Patient Safety, Resident Education and Resident Well-Being Following Implementation of the 2003 ACGME Duty Hour Rules
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The ACGME-released revisions to the 2003 duty hour standards.
To review the impact of the 2003 duty hour reform as it pertains to resident and patient outcomes.
Medline (1989–May 2010), Embase (1989–June 2010), bibliographies, pertinent reviews, and meeting abstracts.
We included studies examining the relationship between the pre- and post-2003 time periods and patient outcomes (mortality, complications, errors), resident education (standardized test scores, clinical experience), and well-being (as measured by the Maslach Burnout Inventory). We excluded non-US studies.
One rater used structured data collection forms to abstract data on study design, quality, and outcomes. We synthesized the literature qualitatively and included a meta-analysis of patient mortality.
Of 5,345 studies identified, 60 met eligibility criteria. Twenty-eight studies included an objective outcome related to patients; 10 assessed standardized resident examination scores; 26 assessed resident operative experience. Eight assessed resident burnout. Meta-analysis of the mortality studies revealed a significant improvement in mortality in the post-2003 time period with a pooled odds ratio (OR) of 0.9 (95% CI: 0.84, 0.95). These results were significant for medical (OR 0.91; 95% CI: 0.85, 0.98) and surgical patients (OR 0.86; 95% CI: 0.75, 0.97). However, significant heterogeneity was present (I2 83%). Patient complications were more nuanced. Some increased in frequency; others decreased. Outcomes for resident operative experience and standardized knowledge tests varied substantially across studies. Resident well-being improved in most studies.
Most studies were observational. Not all studies of mortality provided enough information to be included in the meta-analysis. We used unadjusted odds ratios in the meta-analysis; statistical heterogeneity was substantial. Publication bias is possible.
Since 2003, patient mortality appears to have improved, although this could be due to secular trends. Resident well-being appears improved. Change in resident educational experience is less clear.
KeywordsMaslach Burnout Inventory Unadjusted Odds Ratio Medical Education Research Small Study Effect Study Team Member
Dr. Fletcher had full access to all of the data in the study and takes responsibility for the integrity of the data and the accuracy of the analysis.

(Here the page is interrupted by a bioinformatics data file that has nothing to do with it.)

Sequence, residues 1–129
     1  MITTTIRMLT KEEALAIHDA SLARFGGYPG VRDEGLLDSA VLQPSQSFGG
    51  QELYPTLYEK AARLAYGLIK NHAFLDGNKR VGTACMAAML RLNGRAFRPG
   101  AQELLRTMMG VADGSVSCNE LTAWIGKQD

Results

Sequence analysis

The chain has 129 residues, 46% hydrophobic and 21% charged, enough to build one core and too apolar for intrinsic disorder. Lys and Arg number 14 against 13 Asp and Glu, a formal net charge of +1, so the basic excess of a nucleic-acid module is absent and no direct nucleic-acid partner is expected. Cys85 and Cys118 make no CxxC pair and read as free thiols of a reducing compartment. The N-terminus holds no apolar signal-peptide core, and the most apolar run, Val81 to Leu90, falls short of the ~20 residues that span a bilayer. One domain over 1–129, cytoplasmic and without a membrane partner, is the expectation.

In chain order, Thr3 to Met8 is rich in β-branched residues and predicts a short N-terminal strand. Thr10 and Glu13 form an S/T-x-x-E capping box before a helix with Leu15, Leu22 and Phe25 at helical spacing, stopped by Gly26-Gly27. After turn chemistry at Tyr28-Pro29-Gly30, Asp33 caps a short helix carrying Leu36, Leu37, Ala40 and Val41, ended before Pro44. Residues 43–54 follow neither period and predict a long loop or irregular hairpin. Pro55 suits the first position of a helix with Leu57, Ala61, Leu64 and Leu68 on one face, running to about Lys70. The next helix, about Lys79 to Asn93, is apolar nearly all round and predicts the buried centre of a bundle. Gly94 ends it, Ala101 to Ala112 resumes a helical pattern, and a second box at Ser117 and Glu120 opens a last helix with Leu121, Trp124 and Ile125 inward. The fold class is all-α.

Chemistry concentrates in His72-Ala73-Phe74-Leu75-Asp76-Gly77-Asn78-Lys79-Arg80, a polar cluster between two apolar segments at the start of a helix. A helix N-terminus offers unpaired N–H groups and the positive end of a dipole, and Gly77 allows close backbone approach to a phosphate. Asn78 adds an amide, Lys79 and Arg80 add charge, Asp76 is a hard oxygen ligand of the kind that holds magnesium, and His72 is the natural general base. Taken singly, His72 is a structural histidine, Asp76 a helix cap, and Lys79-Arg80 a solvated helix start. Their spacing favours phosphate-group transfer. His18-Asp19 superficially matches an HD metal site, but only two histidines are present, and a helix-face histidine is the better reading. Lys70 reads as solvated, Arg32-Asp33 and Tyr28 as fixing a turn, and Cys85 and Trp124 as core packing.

Study concept and design: Fletcher, Reed, Arora
Acquisition of data: Fletcher, Reed, Arora
Analysis and interpretation of data: Fletcher, Reed, Arora, Jackson
Drafting of the manuscript: Fletcher
Critical revision of the manuscript for important intellectual content: Fletcher, Reed, Arora
Statistical analysis: Fletcher, Reed, Arora, Jackson
Obtained funding: Fletcher, Reed, Arora
Administrative, technical, or material support: Fletcher, Reed, Arora
Study supervision: Fletcher, Reed, Arora
This study was funded by a grant from the Accreditation Council of Graduate Medical Education.
Role of the Sponsor
The funding sources had no role in the design and conduct of the study; collection, management, analysis, and interpretation of the data; and preparation, review, or approval of the manuscript.
Dr. Fletcher reports receiving funding from the VA HSRD and also from NCI. Dr. Reed reports receiving funding from the ABIM Foundation. Dr. Arora reports receiving grant funding from the ABIM Foundation, the ACP Foundation, the Agency for Healthcare Research and Quality, and the National Institutes of Aging. Dr. Fletcher was a reviewer for the Institute of Medicine Report on Resident Duty Hours: Sleep, Supervision and Safety. Dr. Fletcher served voluntarily on the ACGME Committee on Innovation, Learning, and Education. Dr. Arora has provided testimony on duty hours to the Institute of Medicine Committee on Optimizing Graduate Medical Trainee Hours and Work Schedules to Improve Patient Safety and to the ACGME Duty Hours Congress as a representative of the American College of Physicians. Drs. Arora and Reed are members of the Association of Program Directors of Internal Medicine.
We wish to thank Jessica Schmidt and Andrea Bruckbauer at the Milwaukee VAMC, Alexis Dye, MS, Sherrie Smaxwill and Mark Oium, MS, at the Medical College of Wisconsin, Katya Papatla at Duke University, Patricia Erwin and Kate Featherstone at the Mayo Clinic College of Medicine, and Meryl Prochaska, BA, and Diane Daviera, BS, at the University of Chicago, and Emily Chiu at the University of Michigan for their excellent research assistance. We also wish to thank Jack Littrell, MS, for his assistance with database creation and management, and DeWitt Baldwin, MD, at the ACGME for his assistance with obtaining funding. We are grateful to Jeffrey Jackson, MD MPH, for conducting the meta-analysis and to Dr. Monica Lypson, MD, for her review of the bibliography. Ms. Bruckbauer was a Milwaukee VAMC employee while this project was underway and was also paid through the ACGME grant. Ms. Schmidt is an employee of the Milwaukee VAMC and was also paid through the ACGME grant. Ms. Papatla was paid through the ACGME grant. Ms. Dye, Mr. Oium, Ms. Smaxwill, and Mr. Littrell are paid employees at the Medical College of Wisconsin and volunteered to help with this project. Ms. Erwin and Featherstone are paid employees of the Mayo Clinic College of Medicine. Ms. Prochaska and Daviera are paid employees of the University of Chicago, and Ms. Chiu was paid by the ACGME grant.
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